The best moment of the third presidential debate was when Hillary got Donald with a classic zing-and-bait: “My Social Security payroll contribution will go up, as will Donald’s, assuming he can’t figure out how to get out of it,” she said, riffing on her plan for raising taxes on the rich to buttress the sagging Social Security Trust Fund. Trump, right on cue, leaned into his mic and interrupted her: “Such a nasty woman.”
And lo, the internet caught fire with #ImANastyWoman, a hashtag that continues to trend on Twitter, while the Clinton campaign deftly bought the domain nastywomengetshitdone.com, which now redirects to the campaign website. In one of the sweetest ironies of the Trump garbage-fire campaign, the mogul’s misogyny not only made Janet Jackson spike on Spotify, but he once again pushed gender into the public conversation.
It struck Georgetown linguist Deborah Tannen as a strange comment, since Trump himself has called Clinton the devil, promised to jail her if she wins, said she is proven to be a liar, and interrupted Clinton 37 times in the space of 90 minutes. There is also a gendered asymmetry to the term, as there is with bossy. “The word nasty would sound almost comical if applied to a man,” she says. It would seem so understated that it would sound sarcastic. And Trump wouldn’t say “what a nasty man,” she says, but just “nasty.” It has to do with the images that the phrases call up. “A nasty man isn’t an image that’s easy to imagine. Whereas a nasty woman you get an image of a particular kind of woman that you don’t get with a nasty man,” Tannen explains.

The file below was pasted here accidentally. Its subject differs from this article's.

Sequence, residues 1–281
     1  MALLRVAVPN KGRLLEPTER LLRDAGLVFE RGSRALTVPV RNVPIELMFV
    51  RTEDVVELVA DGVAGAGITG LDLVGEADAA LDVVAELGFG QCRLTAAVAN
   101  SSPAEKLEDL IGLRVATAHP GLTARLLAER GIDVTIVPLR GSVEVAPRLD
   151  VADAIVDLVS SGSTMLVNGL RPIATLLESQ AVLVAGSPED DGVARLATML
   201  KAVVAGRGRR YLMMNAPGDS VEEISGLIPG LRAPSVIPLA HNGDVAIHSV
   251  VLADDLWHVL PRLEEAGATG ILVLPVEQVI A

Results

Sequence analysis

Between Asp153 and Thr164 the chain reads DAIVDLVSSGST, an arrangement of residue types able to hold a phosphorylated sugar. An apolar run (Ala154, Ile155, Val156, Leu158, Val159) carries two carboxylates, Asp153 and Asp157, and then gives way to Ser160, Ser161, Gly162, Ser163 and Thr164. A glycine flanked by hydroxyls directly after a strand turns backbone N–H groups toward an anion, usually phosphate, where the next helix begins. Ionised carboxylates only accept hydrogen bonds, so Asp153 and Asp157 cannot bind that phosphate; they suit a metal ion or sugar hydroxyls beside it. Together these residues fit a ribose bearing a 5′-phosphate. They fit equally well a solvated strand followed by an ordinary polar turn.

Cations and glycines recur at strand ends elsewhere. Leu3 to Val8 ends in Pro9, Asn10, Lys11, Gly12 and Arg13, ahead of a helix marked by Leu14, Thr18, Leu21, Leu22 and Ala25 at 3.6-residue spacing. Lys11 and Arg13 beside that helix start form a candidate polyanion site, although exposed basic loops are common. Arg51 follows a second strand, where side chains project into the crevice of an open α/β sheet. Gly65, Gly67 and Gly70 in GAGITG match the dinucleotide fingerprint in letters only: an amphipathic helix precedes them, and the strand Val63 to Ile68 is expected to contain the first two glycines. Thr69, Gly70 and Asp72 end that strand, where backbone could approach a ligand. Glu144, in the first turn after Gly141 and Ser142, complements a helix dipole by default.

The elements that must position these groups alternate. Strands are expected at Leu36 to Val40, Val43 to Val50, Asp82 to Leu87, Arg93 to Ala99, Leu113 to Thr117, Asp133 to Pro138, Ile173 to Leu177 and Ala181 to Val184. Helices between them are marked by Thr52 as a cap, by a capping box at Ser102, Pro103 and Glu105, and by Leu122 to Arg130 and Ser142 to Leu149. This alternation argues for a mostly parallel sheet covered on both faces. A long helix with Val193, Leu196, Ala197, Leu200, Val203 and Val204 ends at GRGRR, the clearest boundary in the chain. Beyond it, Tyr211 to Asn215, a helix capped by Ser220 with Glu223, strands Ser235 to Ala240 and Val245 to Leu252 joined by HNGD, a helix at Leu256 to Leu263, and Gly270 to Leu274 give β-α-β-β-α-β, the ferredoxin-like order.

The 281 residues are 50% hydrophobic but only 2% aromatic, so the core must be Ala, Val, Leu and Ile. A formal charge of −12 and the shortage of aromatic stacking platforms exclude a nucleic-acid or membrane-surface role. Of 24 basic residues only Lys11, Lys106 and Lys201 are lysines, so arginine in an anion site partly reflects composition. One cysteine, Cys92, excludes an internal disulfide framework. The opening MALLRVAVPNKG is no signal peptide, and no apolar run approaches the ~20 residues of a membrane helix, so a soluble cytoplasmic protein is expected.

Indeed, if you feed the word nasty into a database of 14,000 professor reviews for ratemyprofessor.com, female instructors are way more likely to be labeled “nasty” than men.
To Tannen, author of Talking From 9 to 5: Women and Men at Work, the Argument Culture: Stopping America’s War of Words, and other books on gender and language, “nasty woman” denotes a woman who isn’t performing femininity — in other words, being self-effacing, smiling, effusive. It’s not a stretch to say that “nasty woman” is a euphemism for bitch, Tannen says; when she gives talks to businesses about gender at work, she’ll show a clip of a woman doing her job, being serious, not smiling, staying focused. Invariably, people will comment, saying that she looks “like a bitch.” This, Tannen says, is the double-bind that professional women face: to be feminine is to be deferential, to be in authority is to command, so the social roles of being a dutiful lady and a highly realized professional are in conflict, or, as Tannen says, mutually exclusive.
“There’s a B-word — bossy or bitch — hovering when a woman in a position of authority is simply serious and doing her job. The universal sense is a powerful woman at any moment risks being labeled ‘a bitch’,” Tannen says. “The reference ‘nasty woman,’ by association, brings that characterization into focus.”
The culture just doesn’t have lots of archetypal images of women in authority, Tannen says, beyond the librarian or the schoolmarm. The most positive association is with the mother, but that’s not super relevant to public life. But, come November, there will likely be a new one: Madam President.